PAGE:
(HealthDay News) — A cocoa drink created in a lab seems to improve normal age-related memory loss, according to a small study published in Nature Neuroscience.
The study authors pointed out that flavanols are found (to varying degrees) in many types of foods, including tea leaves, fruits, and vegetables, as well as raw cocoa. However, the manner in which most consumer chocolate products are produced renders them flavanol-free. The study therefore relied on a process—developed by the food company Mars Inc.—that could specifically preserve and isolate the flavanol in powder form, before being mixed into either water or milk for consumption.
Study participants (37 healthy volunteers between the ages of 50 and 69) were randomly assigned to receive either a high-flavanol diet (900 milligrams) or low-flavanol (10 milligrams) diet for a period of three months. Both before and after the study period, each volunteer underwent brain scans, to monitor changes to the dentate gyrus region of the brain. All of the volunteers also completed a modified memory test. The researchers found that those in the high-flavanol diet group ended up scoring significantly higher in post-diet testing than those in the low-flavanol diet. The high-flavanol group also demonstrated improved memory at the end of the three-month experiment, relative to their own abilities before starting the diet.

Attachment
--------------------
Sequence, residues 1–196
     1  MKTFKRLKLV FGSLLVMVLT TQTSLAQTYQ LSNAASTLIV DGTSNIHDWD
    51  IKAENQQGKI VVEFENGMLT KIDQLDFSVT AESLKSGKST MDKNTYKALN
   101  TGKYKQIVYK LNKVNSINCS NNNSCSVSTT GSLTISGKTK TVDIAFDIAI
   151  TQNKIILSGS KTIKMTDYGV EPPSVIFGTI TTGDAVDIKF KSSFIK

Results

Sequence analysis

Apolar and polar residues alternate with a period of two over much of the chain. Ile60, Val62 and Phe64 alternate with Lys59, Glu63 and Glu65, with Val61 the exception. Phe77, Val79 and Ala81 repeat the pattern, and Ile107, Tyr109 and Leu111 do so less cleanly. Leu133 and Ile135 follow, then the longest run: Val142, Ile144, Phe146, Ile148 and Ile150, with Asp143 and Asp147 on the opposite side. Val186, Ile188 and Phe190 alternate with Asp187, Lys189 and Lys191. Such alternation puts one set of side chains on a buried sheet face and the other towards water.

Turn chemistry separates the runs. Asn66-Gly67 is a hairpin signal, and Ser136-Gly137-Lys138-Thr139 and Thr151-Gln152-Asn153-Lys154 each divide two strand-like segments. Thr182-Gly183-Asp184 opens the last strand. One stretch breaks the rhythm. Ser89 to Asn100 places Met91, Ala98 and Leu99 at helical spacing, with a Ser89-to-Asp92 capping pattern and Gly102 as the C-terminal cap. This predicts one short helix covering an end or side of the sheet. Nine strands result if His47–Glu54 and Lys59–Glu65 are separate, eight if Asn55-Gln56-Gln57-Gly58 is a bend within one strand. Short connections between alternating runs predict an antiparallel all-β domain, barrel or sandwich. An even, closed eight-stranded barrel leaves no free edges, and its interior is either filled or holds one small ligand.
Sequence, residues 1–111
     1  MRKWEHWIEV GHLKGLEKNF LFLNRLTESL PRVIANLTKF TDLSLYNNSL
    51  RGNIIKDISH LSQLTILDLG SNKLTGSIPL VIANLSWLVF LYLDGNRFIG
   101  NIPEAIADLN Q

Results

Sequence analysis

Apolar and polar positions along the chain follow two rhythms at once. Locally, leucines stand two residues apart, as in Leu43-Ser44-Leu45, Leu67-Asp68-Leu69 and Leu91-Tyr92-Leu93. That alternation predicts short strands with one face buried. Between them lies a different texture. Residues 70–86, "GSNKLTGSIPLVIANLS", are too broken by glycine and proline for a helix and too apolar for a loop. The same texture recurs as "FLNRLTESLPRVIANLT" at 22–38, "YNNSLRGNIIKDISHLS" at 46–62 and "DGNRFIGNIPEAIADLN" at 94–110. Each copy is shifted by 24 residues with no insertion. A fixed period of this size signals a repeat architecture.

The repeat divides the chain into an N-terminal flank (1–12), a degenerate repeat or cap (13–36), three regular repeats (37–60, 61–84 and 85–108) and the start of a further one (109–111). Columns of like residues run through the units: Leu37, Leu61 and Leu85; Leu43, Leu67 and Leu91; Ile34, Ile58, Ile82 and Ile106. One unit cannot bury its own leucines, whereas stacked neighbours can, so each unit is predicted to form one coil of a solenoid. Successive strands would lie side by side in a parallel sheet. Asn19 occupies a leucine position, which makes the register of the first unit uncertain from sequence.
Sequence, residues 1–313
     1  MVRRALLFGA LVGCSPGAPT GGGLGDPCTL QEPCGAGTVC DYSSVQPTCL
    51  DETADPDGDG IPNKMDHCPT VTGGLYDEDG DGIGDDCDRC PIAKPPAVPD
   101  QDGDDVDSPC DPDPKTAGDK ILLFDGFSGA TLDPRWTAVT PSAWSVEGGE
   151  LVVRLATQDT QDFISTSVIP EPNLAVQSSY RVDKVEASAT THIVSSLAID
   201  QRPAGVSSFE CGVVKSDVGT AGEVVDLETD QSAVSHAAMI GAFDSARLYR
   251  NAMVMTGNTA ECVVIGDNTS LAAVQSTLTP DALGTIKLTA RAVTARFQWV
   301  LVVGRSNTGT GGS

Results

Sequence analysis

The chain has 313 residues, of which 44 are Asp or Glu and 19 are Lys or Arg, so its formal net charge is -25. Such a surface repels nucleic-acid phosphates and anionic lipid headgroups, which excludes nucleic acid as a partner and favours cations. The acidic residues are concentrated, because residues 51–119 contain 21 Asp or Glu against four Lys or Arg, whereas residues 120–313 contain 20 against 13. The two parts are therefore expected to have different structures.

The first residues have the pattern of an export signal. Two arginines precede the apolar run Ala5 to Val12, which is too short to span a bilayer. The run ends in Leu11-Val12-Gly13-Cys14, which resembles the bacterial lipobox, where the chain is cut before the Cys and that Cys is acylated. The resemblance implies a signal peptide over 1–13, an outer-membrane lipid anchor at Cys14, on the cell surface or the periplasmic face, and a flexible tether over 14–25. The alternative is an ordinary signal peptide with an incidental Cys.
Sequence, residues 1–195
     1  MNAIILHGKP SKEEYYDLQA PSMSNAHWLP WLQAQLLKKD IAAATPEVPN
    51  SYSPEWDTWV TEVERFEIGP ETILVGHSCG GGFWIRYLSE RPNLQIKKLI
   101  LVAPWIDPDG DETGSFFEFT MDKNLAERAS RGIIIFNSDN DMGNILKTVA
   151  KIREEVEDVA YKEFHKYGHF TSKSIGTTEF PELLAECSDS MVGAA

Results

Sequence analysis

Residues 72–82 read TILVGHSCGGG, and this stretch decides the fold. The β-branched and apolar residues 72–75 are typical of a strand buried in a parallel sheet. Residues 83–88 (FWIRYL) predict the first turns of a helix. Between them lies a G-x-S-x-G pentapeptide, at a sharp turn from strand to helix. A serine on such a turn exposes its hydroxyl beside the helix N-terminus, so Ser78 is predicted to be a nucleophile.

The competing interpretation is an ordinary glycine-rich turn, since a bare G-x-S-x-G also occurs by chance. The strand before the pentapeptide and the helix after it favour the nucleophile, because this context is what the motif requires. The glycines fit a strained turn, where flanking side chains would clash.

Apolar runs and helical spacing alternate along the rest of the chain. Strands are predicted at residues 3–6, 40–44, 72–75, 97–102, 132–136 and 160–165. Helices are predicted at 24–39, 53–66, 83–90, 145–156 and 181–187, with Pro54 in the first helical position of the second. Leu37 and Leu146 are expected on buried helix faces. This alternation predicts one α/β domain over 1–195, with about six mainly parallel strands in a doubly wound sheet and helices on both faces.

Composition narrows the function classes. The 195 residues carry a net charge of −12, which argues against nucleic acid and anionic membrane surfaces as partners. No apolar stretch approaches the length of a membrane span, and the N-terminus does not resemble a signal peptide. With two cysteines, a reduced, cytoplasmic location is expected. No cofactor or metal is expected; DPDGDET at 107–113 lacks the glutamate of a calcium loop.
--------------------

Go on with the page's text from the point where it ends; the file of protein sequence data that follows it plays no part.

“This is really not about chocolate,” study coauthor Scott Small, M.D., director of the Alzheimer’s Disease Research Center with the Taub Institute at the Columbia University Medical Center in New York City, told HealthDay. “And it would be detrimental to one’s health to try and run out and get flavanols from chocolate, which exist in chocolate, but in miniscule amounts.”
The study was funded in part by Mars Inc.